After this experience, I learned to be more careful. For example, I learned that if you write a paper together with the person whose seminal contribution you address, that person is safe. This is how Ismail Zahed and Gerry Brown survived the onslaught of my publications. And I felt safe writing papers on the classical theory of information, because its originator (the eminent Claude Shannon) was surely dead by the time I ventured on the scene. My article on the "Physical Complexity of Symbolic Sequences" that appeared in 2000 showed that you could use Shannon information as a proxy for the complexity of biomolecular sequences in general. But, I had no idea that Shannon was still alive. Nobody knew! He would go around to information theory conferences, listening to conversations between researchers during breaks, and then introduce himself. Of course, nobody would believe he was Shannon!
So Shannon was alive after all, until this cursed paper of mine appeared! Another hero of mine slain! I was dumbfounded. Mortified. I vowed never to write a paper again.
But you know that I could not keep this up for long. Like you yourself would have done, I shrugged this off as pure coincidence mixed with a pinch of paranoia. After all, Landauer and Shannon were old. It wasn't me, I repeated to myself. So I started on another project: to understand the abundance distribution of species. These distributions are fairly general: you can write down distributions of any taxon, as a function of how many subtaxa each taxon generated. So, for example, I wanted to know what is the distribution of number of species that each genus has created, or the distribution of genus sizes (number of genera) that each family generated, and so on. With my student Johan Chu, I developed a theory that would predict these disctributions based on only two (and sometimes just one) parameter, using the theory of branching processes. To test the theory, we wrote to John Sepkoski, a paleontologist at the University of Chicago, who as his life's work has created data sets (compendia) of marine animal families and genera. He kindly sent us his compendia, which we used for our paper that ultimately appeared in the Proceedings of the National Academy. John was 50 at the time, so surely he was safe.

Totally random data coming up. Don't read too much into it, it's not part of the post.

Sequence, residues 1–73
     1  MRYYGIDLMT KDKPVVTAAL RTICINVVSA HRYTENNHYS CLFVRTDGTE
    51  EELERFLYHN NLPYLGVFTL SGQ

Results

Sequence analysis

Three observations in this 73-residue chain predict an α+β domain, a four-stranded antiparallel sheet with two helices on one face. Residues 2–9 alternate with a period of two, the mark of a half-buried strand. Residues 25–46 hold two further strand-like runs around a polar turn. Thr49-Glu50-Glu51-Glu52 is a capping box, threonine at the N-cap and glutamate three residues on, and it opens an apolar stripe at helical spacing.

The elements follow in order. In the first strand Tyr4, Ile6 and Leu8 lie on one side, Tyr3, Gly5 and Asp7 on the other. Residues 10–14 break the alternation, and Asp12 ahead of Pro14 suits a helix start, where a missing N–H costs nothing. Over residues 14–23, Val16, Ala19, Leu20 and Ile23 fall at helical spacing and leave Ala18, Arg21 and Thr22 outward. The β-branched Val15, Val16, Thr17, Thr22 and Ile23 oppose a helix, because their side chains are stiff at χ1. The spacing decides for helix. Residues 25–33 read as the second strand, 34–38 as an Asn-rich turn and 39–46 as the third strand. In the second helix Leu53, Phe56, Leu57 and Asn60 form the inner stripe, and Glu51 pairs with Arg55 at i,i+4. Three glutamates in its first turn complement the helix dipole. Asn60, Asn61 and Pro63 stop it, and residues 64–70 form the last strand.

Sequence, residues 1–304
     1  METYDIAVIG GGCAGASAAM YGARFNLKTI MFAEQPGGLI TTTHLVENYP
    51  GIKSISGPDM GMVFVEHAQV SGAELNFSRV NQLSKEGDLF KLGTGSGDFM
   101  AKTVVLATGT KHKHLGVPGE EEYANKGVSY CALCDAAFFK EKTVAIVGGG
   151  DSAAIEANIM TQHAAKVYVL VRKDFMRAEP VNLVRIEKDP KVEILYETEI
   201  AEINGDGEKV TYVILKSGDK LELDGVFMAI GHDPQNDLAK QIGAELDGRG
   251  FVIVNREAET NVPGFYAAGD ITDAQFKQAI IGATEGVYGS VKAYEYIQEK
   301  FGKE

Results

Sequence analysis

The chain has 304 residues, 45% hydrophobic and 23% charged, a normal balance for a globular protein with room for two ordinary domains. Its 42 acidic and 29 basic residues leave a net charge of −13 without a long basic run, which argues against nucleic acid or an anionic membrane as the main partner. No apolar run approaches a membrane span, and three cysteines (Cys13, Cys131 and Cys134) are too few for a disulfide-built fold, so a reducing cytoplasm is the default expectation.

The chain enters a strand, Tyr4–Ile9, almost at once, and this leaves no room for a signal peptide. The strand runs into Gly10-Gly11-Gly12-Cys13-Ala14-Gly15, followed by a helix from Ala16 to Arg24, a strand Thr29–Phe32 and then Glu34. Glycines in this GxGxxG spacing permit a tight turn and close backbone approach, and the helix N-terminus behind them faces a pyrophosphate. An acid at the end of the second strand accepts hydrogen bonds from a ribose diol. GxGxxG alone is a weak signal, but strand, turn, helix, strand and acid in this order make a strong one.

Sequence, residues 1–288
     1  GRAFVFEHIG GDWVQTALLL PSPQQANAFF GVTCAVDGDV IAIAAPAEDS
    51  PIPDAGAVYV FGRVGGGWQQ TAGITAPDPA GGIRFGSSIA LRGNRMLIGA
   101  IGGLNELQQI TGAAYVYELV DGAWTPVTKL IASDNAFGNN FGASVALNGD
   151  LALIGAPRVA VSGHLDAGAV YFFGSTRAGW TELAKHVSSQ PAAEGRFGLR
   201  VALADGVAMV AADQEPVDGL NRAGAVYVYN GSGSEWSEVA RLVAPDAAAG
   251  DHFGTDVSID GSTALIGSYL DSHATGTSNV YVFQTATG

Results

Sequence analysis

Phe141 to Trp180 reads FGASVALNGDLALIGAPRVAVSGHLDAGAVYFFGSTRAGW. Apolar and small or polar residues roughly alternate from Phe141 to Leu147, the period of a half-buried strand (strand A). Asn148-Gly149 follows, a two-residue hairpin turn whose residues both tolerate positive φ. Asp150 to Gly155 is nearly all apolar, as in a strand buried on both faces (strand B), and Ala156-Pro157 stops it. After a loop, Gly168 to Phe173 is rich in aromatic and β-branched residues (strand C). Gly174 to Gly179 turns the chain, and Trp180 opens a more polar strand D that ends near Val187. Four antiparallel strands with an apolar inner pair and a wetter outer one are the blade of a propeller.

But he was not. John Sepkoski passed away at the age of 50 of an apparent heart attack, just before my paper appeared in print. My heart broke a little too. What is this curse?
Could it get any worse? What if I wrote a paper on the growth of complexity in biology, a subject that is very near to the heart of eminent evolutionary biologist and paleontologist Stephen J. Gould? Could my paper "What is Complexity?" that appeared in 2002 have anything to do with his sudden passing? Perhaps I should not have addressed the concept of "punctuated equilibrium", one of hist best-known contributions?
I can't go on. I don't want to look at the list of my publications anymore, for fear of what I might find. Best not to think about it anymore. I hope that my upcoming paper in Nature Communications about a certain type of strategy in game theory (so-called ZD strategies) doesn't have any negative consequences for anyone. Bill Press, one of the co-authors of the original paper on ZD strategies is 65 and in perfect health, as far as I know. And Press's co-author, the eminent Freeman Dyson is... oh oh. Dyson is 89.